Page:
1030:TR   KAUF 179
PSYC 165-01 Psychopathology
Instructor: Michele Ford
Course Description:
An introduction to various psychological disorders and techniques of diagnosis and treatment. Relevant for students who anticipate careers in medicine, law, and the social or psychological services. This course is a Health Studies elective.
1330:TF   KAUF 186
PSYC 180-01 Human Development: Emerging Adulthood to Death
Instructor: Naila Smith
Course Description:
Students gain an appreciation of psychological principles by reading about and discussing a topic of interest. Course topics range from contemporary issues and historic controversies to broad themes. Recent topics courses have included Health Psychology, Unconscious Processes, and Molecules and Mental Illness.
1330:TF   KAUF 179
PSYC 201-01 Design of Psychological Research
Instructor: Suman Ambwani
Course Description:
Completion of both PSYC 201 and PSYC 202 fulfills the WID Requirement. Readings and laboratory exercises introduce students to bibliographic resources in psychology, rules of valid scientific inference, and techniques for conducting psychology experiments. Three hours classroom plus three hours laboratory a week. Prerequisite: any 100-level course. NOTE: Completion of both 201 and 202 fulfills the WID graduation requirement.
1330:MR   KAUF 186
1500:MR   KAUF 186
PSYC 202-01 Analysis of Psychological Data
Instructor: Gregory Smith
Course Description:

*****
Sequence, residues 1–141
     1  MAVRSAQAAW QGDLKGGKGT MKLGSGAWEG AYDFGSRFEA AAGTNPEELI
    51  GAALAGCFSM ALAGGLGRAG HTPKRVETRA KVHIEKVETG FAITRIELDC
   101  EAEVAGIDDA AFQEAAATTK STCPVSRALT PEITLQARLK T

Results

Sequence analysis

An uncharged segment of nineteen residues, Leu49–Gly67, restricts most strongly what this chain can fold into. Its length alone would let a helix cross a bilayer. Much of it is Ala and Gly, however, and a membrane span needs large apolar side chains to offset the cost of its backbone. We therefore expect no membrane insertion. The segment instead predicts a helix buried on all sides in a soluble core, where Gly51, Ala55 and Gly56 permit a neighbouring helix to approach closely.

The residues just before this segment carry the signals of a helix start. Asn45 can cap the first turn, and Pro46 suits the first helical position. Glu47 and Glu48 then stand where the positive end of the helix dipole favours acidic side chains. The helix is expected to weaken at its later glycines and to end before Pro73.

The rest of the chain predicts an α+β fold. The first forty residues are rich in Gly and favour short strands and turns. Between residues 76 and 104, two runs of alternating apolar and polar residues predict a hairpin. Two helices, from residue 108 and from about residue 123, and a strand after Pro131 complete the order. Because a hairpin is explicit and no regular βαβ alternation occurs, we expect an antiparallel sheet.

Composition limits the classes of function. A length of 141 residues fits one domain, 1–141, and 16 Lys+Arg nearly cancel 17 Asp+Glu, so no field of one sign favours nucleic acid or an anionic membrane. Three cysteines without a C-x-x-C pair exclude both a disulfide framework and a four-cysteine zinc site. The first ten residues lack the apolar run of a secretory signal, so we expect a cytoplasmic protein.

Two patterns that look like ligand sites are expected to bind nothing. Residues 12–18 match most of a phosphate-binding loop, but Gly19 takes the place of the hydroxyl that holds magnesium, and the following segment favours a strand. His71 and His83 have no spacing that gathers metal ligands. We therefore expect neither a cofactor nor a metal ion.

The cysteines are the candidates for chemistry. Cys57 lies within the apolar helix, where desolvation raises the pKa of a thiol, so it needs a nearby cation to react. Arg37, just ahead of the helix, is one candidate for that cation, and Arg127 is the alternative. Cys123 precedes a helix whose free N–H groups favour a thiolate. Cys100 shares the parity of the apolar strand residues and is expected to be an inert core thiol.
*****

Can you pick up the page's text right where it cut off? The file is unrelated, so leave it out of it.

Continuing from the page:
Completion of both PSYC 201 and PSYC 202 fulfills the WID Requirement. In this course, one of the core requirements for the major, our focus is how to make sense of numerical information. Students learn to describe and analyze data. Three hours classroom plus three hours laboratory a week. NOTE: Completion of both 201 and 202 fulfills the WID requirement.
0900:TR   KAUF 186
1030:TR   KAUF 186
PSYC 325-01 Research Methods in Biological Psychology
Instructor: Teresa Barber
Course Description:
A comprehensive coverage of the research methods employed in the field of biopsychology. Students conduct research on the relationship between the nervous system and/or the endocrine system and human behavior. Three hours classroom plus three hours laboratory a week. Prerequisites: either 125, 201, 202 OR 125, BIOL 124 and NRSC 200.
0830:MWF   JAMESR 1206
0930:MWF   JAMESR 1206
PSYC 375-01 Research Methods in Community Psychology
Instructor: Sharon Kingston
Course Description:
This course will emphasize gaining advanced knowledge and skills in the research methodologies of community psychology, answering the question: How does community psychology seek to scientifically understand relationships between environmental conditions and the development of health and well-being of all members of a community? Students will gain and practice skills in consultation and evaluation of programs to facilitate psychological competence and empowerment, and prevent disorder. Specifically, students will: (a) consider ways to assess and be responsive to the needs of people from marginalized populations with diverse socio-cultural, educational, and ethnic backgrounds; (b) become familiar with innovative programs and practices geared towards prevention and empowerment of disenfranchised groups; (c) apply learning (of theory and research strategies) to a problem in the community; and (d) develop skills in collaborating with Carlisle-area community members in identifying, designing, implementing, and interpreting community-based research. Prerequisites: 201 and 202.
1330:MR   KAUF 185
1500:MR   KAUF 185
PSYC 380-01 Psychological Testing in Research and Practice
Instructor: Michele Ford
Course Description: